I'm sure it's different for the actor – those who would love to stretch their creativity by playing a role – ANY role, as long as it's a challenge.
OMFSM – Another tweet from Broadus produced this gem of an interview: (Ahem, Ms. Megan Fox! You may want to read this! You could learn a lot from this woman!)
Damn, what a gorgeous woman…in more ways than one.
Ms. Okonedo speaks directly to the heart of the problem I think – there is a lot of phlox out there. She's incredibly forthright to be able to tell the powers that be "no" when she's offered that stuff too. She's also built a reputation for taking meatier and better-written roles too. She wields a power that very few actors hold – the ability to say no and still know that they will be sought for another role in the future. She and others like her are simply THAT GOOD.
All of the actors I personally know don't get that luxury. They're faced with either not working – or taking that role in the poorly written dramedy, or cry with joy when they land a commercial, something – just something that gives them a few things more on that resume and headshot. There's simply not enough "good stuff" out there to be able to say no to. It's not that those people aren't capable of being "THAT GOOD" they just don't have the material that allows them to show it.
Mr. Black has a lot of great points but I don't think expansion of the market has caused dissolution of the talent-pool.
When studios stop producing scripted shows in order to save money and they turn to filming "unscripted" dreck – that is what I believe is television's greatest problem. It's not that there are less good writers – the good writers just aren't being used!
Yes, we're getting a lot more material thrown at us as viewers but we're just getting less material that has a plot. We're not getting more dramas, comedies or musicals – we're getting American Idol; Big Brother; Big Brother After Dark; Ghost Hunters; Haunted Castles; Haunted Ships; Haunted Pool Halls; Dark-Haired Survival Guy; Lighter-Haired Survival Guy; Nasty Chef Yells at Poorly Trained Food Service Industry People; Deadliest Catch and Ice Flow Truckers of the South Pacific (where I understand driving a truck on an iceberg is really dangerous!)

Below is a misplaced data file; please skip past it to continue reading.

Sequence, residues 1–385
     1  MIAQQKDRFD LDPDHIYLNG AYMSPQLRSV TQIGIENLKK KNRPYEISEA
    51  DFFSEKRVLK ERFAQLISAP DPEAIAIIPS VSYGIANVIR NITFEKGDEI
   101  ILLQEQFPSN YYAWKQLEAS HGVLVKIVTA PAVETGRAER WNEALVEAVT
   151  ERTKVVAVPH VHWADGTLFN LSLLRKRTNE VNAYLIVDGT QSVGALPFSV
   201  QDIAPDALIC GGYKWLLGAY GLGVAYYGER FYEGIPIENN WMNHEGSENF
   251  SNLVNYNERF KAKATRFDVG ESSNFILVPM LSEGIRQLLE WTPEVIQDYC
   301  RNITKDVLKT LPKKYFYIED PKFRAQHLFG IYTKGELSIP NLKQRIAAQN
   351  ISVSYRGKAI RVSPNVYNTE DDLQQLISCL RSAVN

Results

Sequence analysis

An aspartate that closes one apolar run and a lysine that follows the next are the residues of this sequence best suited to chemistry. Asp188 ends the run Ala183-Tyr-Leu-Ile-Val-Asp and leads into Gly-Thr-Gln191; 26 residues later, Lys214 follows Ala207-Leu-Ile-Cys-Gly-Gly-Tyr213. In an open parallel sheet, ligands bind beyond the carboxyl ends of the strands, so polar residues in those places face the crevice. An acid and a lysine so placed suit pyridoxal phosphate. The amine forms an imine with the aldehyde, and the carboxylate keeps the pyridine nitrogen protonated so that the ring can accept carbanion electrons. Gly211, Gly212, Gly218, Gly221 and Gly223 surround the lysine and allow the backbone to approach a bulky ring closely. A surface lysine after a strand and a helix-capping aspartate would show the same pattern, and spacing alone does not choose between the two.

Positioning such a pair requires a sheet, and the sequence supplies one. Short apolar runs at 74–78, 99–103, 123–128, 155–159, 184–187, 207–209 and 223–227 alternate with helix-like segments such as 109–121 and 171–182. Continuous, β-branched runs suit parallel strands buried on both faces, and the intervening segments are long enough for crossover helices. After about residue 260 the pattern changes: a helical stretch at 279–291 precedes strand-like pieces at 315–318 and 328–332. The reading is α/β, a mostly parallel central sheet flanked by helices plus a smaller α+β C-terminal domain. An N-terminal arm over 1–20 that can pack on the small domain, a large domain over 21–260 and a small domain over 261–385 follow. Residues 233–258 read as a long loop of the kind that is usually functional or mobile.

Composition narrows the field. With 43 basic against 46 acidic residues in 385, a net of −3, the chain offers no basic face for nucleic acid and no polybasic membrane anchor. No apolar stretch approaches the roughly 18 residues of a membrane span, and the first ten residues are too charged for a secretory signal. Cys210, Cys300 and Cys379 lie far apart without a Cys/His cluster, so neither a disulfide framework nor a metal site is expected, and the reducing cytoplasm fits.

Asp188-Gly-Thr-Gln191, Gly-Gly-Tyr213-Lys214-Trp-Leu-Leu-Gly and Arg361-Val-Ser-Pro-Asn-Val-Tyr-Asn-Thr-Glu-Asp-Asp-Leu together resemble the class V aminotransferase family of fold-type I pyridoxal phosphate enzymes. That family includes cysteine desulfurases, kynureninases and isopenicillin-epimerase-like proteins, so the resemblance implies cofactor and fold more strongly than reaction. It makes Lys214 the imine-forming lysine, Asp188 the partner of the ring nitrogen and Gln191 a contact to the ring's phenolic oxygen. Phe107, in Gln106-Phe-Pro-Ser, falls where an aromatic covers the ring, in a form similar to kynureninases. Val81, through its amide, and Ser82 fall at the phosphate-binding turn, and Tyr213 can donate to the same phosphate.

Now – I know the writers of these "unscripted shows" don't get paid diddley for their work and I can't imagine that a majority of the people in them are now suddenly members of SAG…
I would have hoped that with the influx of cable channels that we would be able to see a greater degree of opportunity for the writer/actor/electricians/musician/set-builders etc – but when Hollywood realized it could bypass the unions and make money hand-over-twisted claw by avoiding having to hire anyone but a camera operator, a boom operator and maybe a few grips…yeah – cheap to make and huge on the profit ratio.
Sorry Mr. Black – I think the Earth is swimming in talented people and you're definitely one of them.
I just think Hollywood is dying from its own fear.